Krakow is Poland’s second largest city that is epitomised by its medieval castles, Jewish quarter and disturbing past. Today, it makes for a fascinating travel destination, visited by any type of traveller – from couples to stag parties, birthdays to backpackers; Krakow exudes interest across the city.
For many Europeans, Krakow isn’t a secret. This popular Eastern Europe city won’t be a stranger to visitors, but for many outsiders, Krakow is a place yet to be explored. Put it this way, you won’t get the crowds that flock Rome and Paris in Krakow just yet.
Throw in some affordable prices, quirky communist-themed bars, burgeoning local cuisine and the trenches of its rich heritage, Krakow is a buzzing spot that never fails to disappoint.
History and Heritage
Everyone starts in the Old Town, Krakow’s Main Square and where you’ll no doubt base yourself whilst experiencing this historical city. Surrounded by medieval buildings, dozens of cafes, florists, horse and carriages and pop-up markets, all what is happening in Krakow derives from here. The towering feature of the Main Square is the iconic, gothic brick built church that is St Mary’s Basilica.
Underneath all the footsteps all locals and visitors take is the newly open Krakow Underground Museum. A new attraction all designed with high-tech hologram technology to showcase the old, this museum is an interactive look into the history of the city. The museum exhibits remnants of old settlings, medieval merchant stalls and historic trading routes of the city as well as other traditional museum items such as clothing and historic tools and materials.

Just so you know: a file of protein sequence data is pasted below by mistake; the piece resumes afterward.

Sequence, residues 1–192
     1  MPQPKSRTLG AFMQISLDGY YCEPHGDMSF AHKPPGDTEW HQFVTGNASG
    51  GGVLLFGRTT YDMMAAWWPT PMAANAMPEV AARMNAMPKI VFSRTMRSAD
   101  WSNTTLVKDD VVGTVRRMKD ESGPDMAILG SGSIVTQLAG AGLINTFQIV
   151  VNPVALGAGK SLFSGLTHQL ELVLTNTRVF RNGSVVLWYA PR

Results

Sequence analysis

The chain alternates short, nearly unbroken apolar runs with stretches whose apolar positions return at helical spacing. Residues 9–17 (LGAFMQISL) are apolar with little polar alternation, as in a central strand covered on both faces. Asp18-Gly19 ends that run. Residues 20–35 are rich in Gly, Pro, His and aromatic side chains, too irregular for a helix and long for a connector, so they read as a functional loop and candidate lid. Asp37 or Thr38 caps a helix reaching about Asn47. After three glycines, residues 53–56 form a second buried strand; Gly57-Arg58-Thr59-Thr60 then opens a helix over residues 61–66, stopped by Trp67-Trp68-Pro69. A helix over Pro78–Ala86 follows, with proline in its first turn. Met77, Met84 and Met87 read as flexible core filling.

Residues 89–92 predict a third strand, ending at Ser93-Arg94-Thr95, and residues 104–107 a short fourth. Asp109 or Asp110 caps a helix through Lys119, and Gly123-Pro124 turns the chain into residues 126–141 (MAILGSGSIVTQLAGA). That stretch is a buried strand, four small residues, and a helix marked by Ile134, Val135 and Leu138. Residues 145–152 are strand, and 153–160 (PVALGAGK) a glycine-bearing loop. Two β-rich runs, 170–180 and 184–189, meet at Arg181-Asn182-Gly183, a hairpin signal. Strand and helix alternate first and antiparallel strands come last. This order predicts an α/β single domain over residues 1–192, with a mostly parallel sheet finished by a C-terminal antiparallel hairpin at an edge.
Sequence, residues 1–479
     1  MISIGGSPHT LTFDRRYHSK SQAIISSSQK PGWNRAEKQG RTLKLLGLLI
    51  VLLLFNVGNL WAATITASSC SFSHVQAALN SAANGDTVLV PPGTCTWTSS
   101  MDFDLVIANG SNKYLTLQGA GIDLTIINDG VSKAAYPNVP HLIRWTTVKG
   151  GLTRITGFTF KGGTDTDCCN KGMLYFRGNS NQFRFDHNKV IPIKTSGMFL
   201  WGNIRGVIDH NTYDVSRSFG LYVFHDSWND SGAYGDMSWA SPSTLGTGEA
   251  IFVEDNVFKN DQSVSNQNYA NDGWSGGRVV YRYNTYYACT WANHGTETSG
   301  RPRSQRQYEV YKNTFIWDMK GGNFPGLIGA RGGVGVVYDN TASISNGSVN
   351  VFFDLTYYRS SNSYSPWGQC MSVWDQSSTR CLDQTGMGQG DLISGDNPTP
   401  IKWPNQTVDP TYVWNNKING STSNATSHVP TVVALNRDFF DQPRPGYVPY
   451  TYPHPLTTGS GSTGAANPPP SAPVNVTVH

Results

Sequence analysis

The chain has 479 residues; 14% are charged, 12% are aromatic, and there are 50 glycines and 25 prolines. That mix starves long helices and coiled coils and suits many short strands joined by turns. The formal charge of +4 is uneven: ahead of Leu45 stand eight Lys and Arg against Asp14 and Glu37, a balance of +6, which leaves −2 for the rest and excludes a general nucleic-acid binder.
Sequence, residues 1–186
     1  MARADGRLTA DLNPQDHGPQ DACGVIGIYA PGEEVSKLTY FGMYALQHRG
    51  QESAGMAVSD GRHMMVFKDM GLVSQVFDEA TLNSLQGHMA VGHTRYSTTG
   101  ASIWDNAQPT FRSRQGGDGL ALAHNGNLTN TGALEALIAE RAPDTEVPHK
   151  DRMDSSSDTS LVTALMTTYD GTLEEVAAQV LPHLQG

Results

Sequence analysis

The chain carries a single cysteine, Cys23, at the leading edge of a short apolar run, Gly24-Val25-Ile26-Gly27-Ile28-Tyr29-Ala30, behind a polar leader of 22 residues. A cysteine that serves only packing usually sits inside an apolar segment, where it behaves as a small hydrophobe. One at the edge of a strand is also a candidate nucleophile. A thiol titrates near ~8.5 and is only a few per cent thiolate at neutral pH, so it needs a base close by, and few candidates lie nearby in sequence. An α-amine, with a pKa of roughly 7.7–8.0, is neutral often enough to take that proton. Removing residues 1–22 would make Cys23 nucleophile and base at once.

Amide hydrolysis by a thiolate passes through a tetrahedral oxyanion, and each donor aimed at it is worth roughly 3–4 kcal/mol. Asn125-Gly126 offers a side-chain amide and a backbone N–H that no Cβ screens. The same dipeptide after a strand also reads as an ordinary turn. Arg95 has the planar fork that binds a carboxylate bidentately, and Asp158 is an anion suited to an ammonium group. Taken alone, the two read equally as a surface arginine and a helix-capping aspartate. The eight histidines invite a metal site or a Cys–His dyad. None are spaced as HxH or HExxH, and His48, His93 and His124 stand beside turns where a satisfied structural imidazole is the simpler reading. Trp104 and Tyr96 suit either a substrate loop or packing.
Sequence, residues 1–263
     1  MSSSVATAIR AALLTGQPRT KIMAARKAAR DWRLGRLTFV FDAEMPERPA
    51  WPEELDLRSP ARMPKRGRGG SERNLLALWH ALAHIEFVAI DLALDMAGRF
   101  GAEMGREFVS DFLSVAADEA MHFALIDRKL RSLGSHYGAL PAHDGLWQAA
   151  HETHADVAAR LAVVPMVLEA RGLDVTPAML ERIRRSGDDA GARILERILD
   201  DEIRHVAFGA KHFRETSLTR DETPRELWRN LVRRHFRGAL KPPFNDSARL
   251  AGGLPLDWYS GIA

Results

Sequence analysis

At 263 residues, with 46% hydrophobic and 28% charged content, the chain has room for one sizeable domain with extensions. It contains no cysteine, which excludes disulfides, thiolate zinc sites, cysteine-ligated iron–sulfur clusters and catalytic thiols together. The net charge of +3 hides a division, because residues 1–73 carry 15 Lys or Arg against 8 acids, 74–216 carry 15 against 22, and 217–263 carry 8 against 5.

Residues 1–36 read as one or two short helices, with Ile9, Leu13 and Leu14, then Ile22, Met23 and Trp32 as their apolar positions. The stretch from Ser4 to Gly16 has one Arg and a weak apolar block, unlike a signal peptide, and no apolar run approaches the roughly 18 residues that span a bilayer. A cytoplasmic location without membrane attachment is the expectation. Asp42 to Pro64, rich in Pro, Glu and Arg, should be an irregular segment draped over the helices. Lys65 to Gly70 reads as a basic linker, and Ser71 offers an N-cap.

Medieval Castles in Krakow
No you won’t be dreaming. No this isn’t some sort of cartoon fairytale. Krakow has castles, and Wawel Royal Castle fits the bill of the medieval castle you’ve always wanted to visit. A UNESCO World Heritage Site for 50 years, Wawel is equally as stunning during the day as it is in view at night. Built between the 13th and 14th centuries it’s estimated over 1 million visitors roam these historic walls per year that is now known as the Historic Centre of Krakow, where you can find the Royal Castle and Krakow Cathedral. Also, used as a premium art museum, filled with paintings, sculptures, tapestries, art, furniture and more.
The famous cuisine, which comes in Asian-like dumplings form, is a real treat to have in Krakow. With Pierogi with all types of flavours from vegetarian to meat, no one gets to miss out on this Polish goodness. One restaurant to check in the Jewish Quarter is Pierozki u Vincente. This small but delicious restaurant has tons of Polish Pierogi on offer so it’s fill your boots!
I am hungry. And you?
Cool Bar Scene in Krakow
One thing that Krakow can brag about is its unusual yet alternative bar scene sprawled across the city. For all bar lovers, if dim, characteristic and cosy bars are your thing, you’re in bar heaven in Krakow. Then again, if you want to drink yourself straight into controversy, head over to Propaganda, a communist themed bar in the Kazimierz Jewish Corner. Alchemia is another you definitely need to check out, almost decorated like a haunted house but with great local Polish ale options and candle’s to light the rooms, it’s quite an experience.
What about making Krakow your new vacation experience this summer?
Auschwitz & War Landmarks